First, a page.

1. Many would argue that the social moods of the 1970s and 1980s were a complete 180 degrees from those of the 1960s. Review the article from manythings.org called “1970s and ’80s Were a Period of Change in American Society.”
Would you consider the 1970s and 80s a time of selfish endeavors? Why or why not?
Consider how many social movements had met their goals. Do you think this sense of an ending to struggle was a reason why people tended to focus on themselves for a change? Why or why not?
Why was there such an increase in college enrollments at this time?
2. Women were trying to push back against inequality during the 1970s and 1980s. In particular, they fought for equal pay and gender equality in the workplace. View the NBC Learn videos Homemakers for the ERA and Women March on Washington in Support of Equal Rights Amendment.
How did women during this time try to change the social norms?
Do you think these women were successful? Why or why not?
Why was there still inequality at this time?
3. The Soviet Union had been in a Cold War with the United States for over forty years, and various “scrimmages” had led to a stressful relationship. The constant threat of the war going “hot” and the possibility of an atomic war ended with the fall of the Soviet Union.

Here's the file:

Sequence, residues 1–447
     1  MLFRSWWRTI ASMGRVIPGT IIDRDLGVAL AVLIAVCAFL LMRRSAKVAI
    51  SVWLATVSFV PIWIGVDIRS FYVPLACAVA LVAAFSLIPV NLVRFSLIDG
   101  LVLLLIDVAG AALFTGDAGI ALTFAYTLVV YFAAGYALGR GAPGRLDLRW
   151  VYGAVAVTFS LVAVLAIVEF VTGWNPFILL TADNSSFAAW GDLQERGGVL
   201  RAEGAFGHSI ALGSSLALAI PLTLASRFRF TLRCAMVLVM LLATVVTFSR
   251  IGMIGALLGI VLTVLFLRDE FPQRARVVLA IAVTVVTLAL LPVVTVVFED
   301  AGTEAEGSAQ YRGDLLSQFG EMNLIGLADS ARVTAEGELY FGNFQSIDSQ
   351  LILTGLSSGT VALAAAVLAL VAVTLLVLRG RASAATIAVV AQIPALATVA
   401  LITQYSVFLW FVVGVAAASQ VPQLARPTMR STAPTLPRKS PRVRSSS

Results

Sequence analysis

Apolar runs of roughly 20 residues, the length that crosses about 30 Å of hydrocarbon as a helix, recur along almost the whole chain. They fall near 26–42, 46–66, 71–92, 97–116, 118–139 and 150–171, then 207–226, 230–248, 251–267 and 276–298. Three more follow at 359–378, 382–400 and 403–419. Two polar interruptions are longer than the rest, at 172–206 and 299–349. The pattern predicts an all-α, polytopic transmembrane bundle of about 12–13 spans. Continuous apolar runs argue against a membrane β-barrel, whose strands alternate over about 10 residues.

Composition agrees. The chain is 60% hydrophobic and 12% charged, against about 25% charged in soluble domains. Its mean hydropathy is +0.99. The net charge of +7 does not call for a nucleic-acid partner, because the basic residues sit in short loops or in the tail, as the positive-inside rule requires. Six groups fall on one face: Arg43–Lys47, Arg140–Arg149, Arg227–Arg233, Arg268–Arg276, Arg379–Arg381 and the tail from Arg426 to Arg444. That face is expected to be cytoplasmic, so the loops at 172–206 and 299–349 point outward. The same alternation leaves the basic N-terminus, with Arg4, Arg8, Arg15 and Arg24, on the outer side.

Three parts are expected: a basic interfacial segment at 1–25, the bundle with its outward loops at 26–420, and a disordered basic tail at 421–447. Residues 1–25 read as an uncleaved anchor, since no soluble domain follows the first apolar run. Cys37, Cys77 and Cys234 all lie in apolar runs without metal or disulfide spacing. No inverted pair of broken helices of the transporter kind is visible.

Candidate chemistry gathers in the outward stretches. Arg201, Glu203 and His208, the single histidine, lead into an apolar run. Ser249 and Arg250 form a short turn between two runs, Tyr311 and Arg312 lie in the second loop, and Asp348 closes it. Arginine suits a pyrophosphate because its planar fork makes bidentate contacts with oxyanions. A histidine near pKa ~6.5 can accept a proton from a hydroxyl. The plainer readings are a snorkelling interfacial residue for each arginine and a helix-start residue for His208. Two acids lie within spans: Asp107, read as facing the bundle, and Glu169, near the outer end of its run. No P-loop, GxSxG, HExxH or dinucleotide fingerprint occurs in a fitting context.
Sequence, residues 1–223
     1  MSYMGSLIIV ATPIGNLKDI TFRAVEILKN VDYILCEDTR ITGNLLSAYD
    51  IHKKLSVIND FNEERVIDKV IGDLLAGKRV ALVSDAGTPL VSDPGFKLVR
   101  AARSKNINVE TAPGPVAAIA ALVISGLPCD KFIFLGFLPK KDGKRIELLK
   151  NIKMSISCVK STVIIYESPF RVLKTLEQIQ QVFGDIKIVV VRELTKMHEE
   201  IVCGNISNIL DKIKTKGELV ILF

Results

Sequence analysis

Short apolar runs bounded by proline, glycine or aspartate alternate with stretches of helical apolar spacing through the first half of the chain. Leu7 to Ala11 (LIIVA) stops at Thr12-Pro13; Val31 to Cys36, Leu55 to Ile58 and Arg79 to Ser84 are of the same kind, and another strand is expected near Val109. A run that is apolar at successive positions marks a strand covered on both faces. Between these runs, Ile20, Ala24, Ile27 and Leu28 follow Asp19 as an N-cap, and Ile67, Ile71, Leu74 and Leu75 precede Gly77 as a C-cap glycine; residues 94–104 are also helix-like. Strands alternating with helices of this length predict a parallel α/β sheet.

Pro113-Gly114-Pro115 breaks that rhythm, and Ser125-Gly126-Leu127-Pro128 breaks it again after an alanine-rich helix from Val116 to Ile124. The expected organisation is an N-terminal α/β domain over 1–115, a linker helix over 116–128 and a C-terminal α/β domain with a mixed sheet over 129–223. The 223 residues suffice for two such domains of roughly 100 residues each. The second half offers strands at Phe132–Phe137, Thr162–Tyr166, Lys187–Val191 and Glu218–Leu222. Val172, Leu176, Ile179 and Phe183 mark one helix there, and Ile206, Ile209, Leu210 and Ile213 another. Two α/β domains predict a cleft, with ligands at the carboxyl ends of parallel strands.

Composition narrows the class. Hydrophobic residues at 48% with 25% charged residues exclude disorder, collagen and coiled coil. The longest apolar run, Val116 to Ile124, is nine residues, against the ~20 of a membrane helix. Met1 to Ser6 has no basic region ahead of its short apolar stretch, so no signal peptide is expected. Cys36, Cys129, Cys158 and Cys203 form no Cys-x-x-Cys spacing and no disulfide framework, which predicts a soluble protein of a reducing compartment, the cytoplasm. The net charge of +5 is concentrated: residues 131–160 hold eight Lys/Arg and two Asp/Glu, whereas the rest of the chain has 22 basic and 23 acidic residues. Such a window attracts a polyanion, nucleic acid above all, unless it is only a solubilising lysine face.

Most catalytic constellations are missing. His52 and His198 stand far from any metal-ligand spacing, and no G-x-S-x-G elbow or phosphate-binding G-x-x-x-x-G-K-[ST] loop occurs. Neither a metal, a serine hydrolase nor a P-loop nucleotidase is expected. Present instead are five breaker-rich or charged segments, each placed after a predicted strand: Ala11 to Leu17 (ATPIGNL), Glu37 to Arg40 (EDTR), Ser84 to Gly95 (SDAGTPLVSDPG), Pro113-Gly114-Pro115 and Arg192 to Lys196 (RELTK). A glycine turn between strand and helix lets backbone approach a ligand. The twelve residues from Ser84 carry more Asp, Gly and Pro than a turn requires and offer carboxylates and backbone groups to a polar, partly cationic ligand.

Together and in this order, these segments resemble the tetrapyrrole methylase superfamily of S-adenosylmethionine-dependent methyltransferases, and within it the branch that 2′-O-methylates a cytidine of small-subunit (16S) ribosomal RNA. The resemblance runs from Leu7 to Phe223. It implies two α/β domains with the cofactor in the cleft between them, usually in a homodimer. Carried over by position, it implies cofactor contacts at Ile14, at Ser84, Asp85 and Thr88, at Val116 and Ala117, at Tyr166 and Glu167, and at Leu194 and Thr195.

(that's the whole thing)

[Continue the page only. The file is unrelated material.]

Without the fall of the Soviet Union, would the Cold War have ended?
What led to the fall of the Soviet Union?
How can the US learn from the Soviet Union’s mistakes?
4. The terror attacks of September 11, 2001 shook the United States to the core as we realized that we could be attacked. Memories of Pearl Harbor reverberated through the generation that had lived through it, and for the first time, young and old could understand what it was like to be vulnerable.
Describe the 9/11 attacks and the reasons for the specific targets that the terrorists picked.
How did President Bush initially respond?
After the initial shock subsided, how did the citizens of the United States respond?